DENVER — Gun violence ended the lives of three minors in a one-week span in Denver, with Denver Mayor Michael Hancock calling it a wake-up call for the community and a family putting a face to the painful loss.
Angel Shabazz and Donald Armstrong lost their son, Davarie Armstrong, in one of the shootings this week. The 17-year-old was the oldest to six brothers and sisters. His parents described him as athletic, charismatic and funny.
In June, Armstrong turned 17 years old and he was on the path to graduate in 2021. His family says he went on a tour of historically Black colleges and universities and dreamed of a bright future Armstrong played football, basketball and ran track. His dad says his son was his best friend.
“The best memory I got is watching him play football, knowing I’m not going to see him play football again is the most hurtful thing,” he said.
Dozens of students turned out to South High School with flowers and balloons in hand to pay tribute to Armstrong. His friends cried and laughed as they shared memories of Armstrong.
Family and friends share memories of— adigtv (@AdiGTV) July 13, 2020
Davarie Armstrong, 17. The teenager was shot and killed on Saturday.@DenverChannel pic.twitter.com/ChZDDG2k4U
Armstrong was shot and killed after an altercation at a house party on the 4500 block of Atchison Way, according to Denver Police. His parents say he was trying to deescalate a situation when he was shot. Armstrong’s mother says her children are devastated and call the death of their brother a nightmare.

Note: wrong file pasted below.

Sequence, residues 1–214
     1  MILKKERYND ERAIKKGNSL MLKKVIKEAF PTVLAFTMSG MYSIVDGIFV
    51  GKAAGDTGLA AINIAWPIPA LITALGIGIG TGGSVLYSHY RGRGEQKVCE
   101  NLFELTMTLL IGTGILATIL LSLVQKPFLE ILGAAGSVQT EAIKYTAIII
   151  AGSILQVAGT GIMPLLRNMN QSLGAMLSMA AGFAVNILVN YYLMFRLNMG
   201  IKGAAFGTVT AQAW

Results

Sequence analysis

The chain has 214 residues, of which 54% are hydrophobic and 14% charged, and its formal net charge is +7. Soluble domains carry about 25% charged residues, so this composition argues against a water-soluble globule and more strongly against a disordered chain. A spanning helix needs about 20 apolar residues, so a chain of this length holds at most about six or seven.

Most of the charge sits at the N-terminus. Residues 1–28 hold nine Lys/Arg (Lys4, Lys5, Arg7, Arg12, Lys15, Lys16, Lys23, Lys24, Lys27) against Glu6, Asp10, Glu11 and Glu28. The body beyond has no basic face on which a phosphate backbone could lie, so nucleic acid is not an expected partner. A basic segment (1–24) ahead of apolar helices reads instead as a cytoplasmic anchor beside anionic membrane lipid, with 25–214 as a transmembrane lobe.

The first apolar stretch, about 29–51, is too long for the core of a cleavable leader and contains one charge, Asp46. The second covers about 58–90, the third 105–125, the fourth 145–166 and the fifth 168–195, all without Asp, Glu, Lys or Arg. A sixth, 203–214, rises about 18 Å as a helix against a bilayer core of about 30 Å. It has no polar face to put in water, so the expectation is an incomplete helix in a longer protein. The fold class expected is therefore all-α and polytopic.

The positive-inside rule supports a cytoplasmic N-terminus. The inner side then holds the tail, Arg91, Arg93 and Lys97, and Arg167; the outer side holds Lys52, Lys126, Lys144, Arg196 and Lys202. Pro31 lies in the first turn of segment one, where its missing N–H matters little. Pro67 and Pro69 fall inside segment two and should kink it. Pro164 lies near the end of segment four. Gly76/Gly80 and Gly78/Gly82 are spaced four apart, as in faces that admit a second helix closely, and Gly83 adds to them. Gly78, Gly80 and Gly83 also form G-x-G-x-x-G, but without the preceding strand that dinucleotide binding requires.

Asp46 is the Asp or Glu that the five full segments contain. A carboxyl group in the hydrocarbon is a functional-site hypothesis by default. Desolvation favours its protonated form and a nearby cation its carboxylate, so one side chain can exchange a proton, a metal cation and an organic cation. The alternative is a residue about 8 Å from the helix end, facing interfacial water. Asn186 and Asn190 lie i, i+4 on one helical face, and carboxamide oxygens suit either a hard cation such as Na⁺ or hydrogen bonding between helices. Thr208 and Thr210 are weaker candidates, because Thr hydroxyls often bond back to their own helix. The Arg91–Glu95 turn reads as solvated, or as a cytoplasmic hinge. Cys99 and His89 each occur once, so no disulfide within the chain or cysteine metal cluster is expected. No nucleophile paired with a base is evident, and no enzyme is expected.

From January through July of 2020, 48 people have been murdered, of those, eight were minors, according to Denver Police records. In just one week, Armstrong, 14-year-old Xzavier Collier and 16-year-old Chaney Harriswere shot and killed.
In 2019, during the same time frame of 31 murders, three were minors, according to Denver Police.
Shabazz says less than ten hours after she gave condolences to the mother of Collier, her son was murdered.
“This cannot be about the mayor, the governor, our city council our police, this has got to be a full-on response by the community,” Mayor Michael Hancock said.
The mayor says social media, social economics and COVID-19 are fueling violence. He is asking everyone to step-up and help guide the next generation and remind them that their lives matter.
Outside South High School, flowers, pictures and messages are a reminder of the gravity and pain of youth violence in the community.
“We are going to turn over every rock until we find people who are responsible for the senseless violence in our city and we are going to hold them accountable,” Mayor Handcock said.
“No child should ever have to make their parent go through burying them because children can’t put their guns down,” Shabazz said.
She says she will not rest until her son has justice. Shabazz is also turning to parents and asking them to take charge.
“I need us, parents, to come together and hold our kids accountable,” she said.
The family has set up a GoFundMe if you would like to help.